So, Abigail has had a rough morning. Lots of getting frustrated with things not going her way, which usually results in some pretty ugly acting. She had asked if she could watch Blues Clues around noon. I told her that she could, but that Daddy would be home soon for lunch, and might want to watch something different while he ate. If so, we would have to shut it off when he came home. Well, talk about having your defenses ready. As soon as she heard the door to the garage open, she started throwing a fit that she WAS NOT DONE WATCHING BLUES CLUES!

Paul looked shocked to be greeted in such a manner. She continued to cry and carry on for a while. Then he sat down and had a Daddy/daughter talk about how she acted. He's very calm like that. She calmed down, they ate lunch, and he allowed her to watch more of her show.

Then, as he was ready to leave, well, I don't even know what happened as I was in the other room, but I know there was some major sassiness and back-talking directed toward Daddy. We told her that we were shutting off Blues Clues and she had to go sit on her bed in her room (her time-out place) for acting mean toward Daddy. She freaked out even more that we were shutting off Blues Clues. Wow, don't you love when you have to tell stories like this about your kids? I have to admit, we love Blues Clues in this house, but this is the first time it has gotten so ugly.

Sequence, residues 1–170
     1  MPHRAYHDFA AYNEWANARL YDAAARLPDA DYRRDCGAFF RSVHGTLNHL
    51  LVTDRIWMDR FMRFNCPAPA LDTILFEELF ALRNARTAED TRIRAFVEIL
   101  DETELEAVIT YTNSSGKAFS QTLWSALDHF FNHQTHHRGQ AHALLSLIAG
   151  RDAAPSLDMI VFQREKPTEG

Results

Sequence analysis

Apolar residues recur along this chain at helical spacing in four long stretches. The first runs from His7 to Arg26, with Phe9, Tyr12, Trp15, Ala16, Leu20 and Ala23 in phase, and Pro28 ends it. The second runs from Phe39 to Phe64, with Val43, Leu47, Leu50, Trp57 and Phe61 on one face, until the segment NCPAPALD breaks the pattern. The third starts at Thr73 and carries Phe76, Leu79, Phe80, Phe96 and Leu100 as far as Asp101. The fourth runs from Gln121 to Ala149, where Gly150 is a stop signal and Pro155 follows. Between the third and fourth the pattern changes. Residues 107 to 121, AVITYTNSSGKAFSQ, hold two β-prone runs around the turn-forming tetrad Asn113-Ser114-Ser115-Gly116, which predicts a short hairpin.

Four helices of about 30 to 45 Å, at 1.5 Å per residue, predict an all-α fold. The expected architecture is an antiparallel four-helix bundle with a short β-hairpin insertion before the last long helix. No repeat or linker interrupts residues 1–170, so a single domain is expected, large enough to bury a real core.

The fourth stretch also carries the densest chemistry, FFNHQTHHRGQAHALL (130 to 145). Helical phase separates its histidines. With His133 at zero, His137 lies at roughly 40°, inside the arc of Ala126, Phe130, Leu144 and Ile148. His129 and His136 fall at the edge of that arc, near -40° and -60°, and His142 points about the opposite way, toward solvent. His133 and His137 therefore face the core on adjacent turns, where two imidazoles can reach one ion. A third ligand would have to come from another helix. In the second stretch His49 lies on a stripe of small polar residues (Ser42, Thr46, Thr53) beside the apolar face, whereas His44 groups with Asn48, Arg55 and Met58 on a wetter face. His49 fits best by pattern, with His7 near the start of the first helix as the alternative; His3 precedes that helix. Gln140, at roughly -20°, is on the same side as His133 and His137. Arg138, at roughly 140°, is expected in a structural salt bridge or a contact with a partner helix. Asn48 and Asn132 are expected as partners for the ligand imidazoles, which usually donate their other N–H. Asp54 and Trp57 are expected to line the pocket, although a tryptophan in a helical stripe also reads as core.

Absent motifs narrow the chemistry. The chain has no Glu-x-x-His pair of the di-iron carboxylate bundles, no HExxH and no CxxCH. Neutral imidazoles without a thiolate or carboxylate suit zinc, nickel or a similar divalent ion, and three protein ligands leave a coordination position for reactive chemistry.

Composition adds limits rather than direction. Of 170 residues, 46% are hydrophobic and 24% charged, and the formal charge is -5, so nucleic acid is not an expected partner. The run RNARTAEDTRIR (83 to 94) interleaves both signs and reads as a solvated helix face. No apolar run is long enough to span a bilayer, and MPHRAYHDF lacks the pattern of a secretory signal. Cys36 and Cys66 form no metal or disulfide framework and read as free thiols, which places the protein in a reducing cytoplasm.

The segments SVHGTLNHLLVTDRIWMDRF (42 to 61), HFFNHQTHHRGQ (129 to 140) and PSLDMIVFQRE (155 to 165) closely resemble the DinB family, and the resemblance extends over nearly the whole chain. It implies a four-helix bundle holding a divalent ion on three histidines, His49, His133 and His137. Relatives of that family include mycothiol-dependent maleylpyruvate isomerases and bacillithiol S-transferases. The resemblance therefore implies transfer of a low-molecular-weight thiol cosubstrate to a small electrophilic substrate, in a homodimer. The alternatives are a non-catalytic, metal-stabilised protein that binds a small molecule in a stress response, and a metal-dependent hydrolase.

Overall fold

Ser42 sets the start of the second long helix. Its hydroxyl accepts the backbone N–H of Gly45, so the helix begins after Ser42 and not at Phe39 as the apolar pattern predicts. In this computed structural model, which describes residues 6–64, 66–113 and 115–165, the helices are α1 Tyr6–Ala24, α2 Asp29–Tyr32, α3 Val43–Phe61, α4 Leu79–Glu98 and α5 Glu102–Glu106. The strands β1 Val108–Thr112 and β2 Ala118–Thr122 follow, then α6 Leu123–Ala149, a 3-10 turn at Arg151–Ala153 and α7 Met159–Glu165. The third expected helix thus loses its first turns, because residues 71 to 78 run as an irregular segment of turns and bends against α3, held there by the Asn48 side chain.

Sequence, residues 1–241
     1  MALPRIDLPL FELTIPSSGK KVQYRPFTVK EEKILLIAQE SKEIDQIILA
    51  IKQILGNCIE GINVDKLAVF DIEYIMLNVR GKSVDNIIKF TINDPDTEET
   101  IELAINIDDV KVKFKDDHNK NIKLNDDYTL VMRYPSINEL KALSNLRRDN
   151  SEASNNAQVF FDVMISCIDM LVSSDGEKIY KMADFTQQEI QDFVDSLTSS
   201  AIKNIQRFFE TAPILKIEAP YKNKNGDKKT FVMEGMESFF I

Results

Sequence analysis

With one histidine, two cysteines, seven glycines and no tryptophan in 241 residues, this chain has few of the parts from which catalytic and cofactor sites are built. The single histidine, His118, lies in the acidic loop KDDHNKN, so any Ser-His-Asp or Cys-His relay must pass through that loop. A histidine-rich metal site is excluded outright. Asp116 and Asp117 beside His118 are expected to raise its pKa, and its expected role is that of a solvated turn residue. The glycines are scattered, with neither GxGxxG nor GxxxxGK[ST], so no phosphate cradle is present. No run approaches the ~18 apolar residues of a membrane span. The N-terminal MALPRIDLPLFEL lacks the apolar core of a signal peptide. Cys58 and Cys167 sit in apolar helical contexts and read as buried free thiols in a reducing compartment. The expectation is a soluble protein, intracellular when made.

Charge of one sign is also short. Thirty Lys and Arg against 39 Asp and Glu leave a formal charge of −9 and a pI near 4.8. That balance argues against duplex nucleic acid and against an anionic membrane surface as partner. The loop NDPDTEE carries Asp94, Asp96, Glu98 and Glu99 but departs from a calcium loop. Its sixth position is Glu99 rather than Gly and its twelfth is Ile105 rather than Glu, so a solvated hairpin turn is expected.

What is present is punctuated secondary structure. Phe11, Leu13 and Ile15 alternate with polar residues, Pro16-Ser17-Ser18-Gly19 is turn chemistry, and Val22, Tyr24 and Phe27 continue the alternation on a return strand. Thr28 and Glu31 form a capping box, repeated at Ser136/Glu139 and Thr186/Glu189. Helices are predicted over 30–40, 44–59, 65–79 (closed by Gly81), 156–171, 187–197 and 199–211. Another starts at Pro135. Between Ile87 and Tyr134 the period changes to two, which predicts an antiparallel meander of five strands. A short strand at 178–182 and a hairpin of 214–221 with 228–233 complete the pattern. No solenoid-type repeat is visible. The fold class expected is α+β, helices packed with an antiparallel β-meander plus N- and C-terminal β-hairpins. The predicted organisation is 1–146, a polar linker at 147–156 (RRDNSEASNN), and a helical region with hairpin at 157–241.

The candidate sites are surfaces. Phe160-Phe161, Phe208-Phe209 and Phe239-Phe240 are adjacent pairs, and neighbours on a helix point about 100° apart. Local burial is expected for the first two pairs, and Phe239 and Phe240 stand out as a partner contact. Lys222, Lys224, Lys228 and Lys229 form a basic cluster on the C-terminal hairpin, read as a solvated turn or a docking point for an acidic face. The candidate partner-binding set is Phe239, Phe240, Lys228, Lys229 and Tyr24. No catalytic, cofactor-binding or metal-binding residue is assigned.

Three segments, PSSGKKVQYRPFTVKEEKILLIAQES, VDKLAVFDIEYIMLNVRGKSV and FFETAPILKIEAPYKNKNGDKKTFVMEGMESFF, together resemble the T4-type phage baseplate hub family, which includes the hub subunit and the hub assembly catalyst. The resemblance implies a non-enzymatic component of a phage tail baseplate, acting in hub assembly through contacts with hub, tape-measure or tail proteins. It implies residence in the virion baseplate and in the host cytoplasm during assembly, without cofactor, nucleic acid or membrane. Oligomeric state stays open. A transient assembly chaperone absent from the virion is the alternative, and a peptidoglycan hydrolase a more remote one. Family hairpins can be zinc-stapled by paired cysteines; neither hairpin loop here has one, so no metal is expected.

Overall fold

Paul went back to work, and I went in to talk with her in her room. She carried on for a little while over the injustices of the world (we had told her no more Blues Clues today). We talked about how it made Daddy feel when she acted so mean and sassy toward him, that it hurts his feelings. As she calmed down while we talked, she told me "I don't like it when I sin."

Poor kid. Me neither. She has learned about sin in Sunday School, and we've just explained to her that sin is when we make bad choices. Pretty simple explanation at this point. But at this early age, we had yet to explain what you do when you you respond to God after you do it.

The rest of the conversation went as follows:
Me: So, how do you feel for the way you acted toward Daddy?

Abigail: Sorry.

Me: Do you want to call him and tell him you're sorry?

Abigail: No, you can tell him.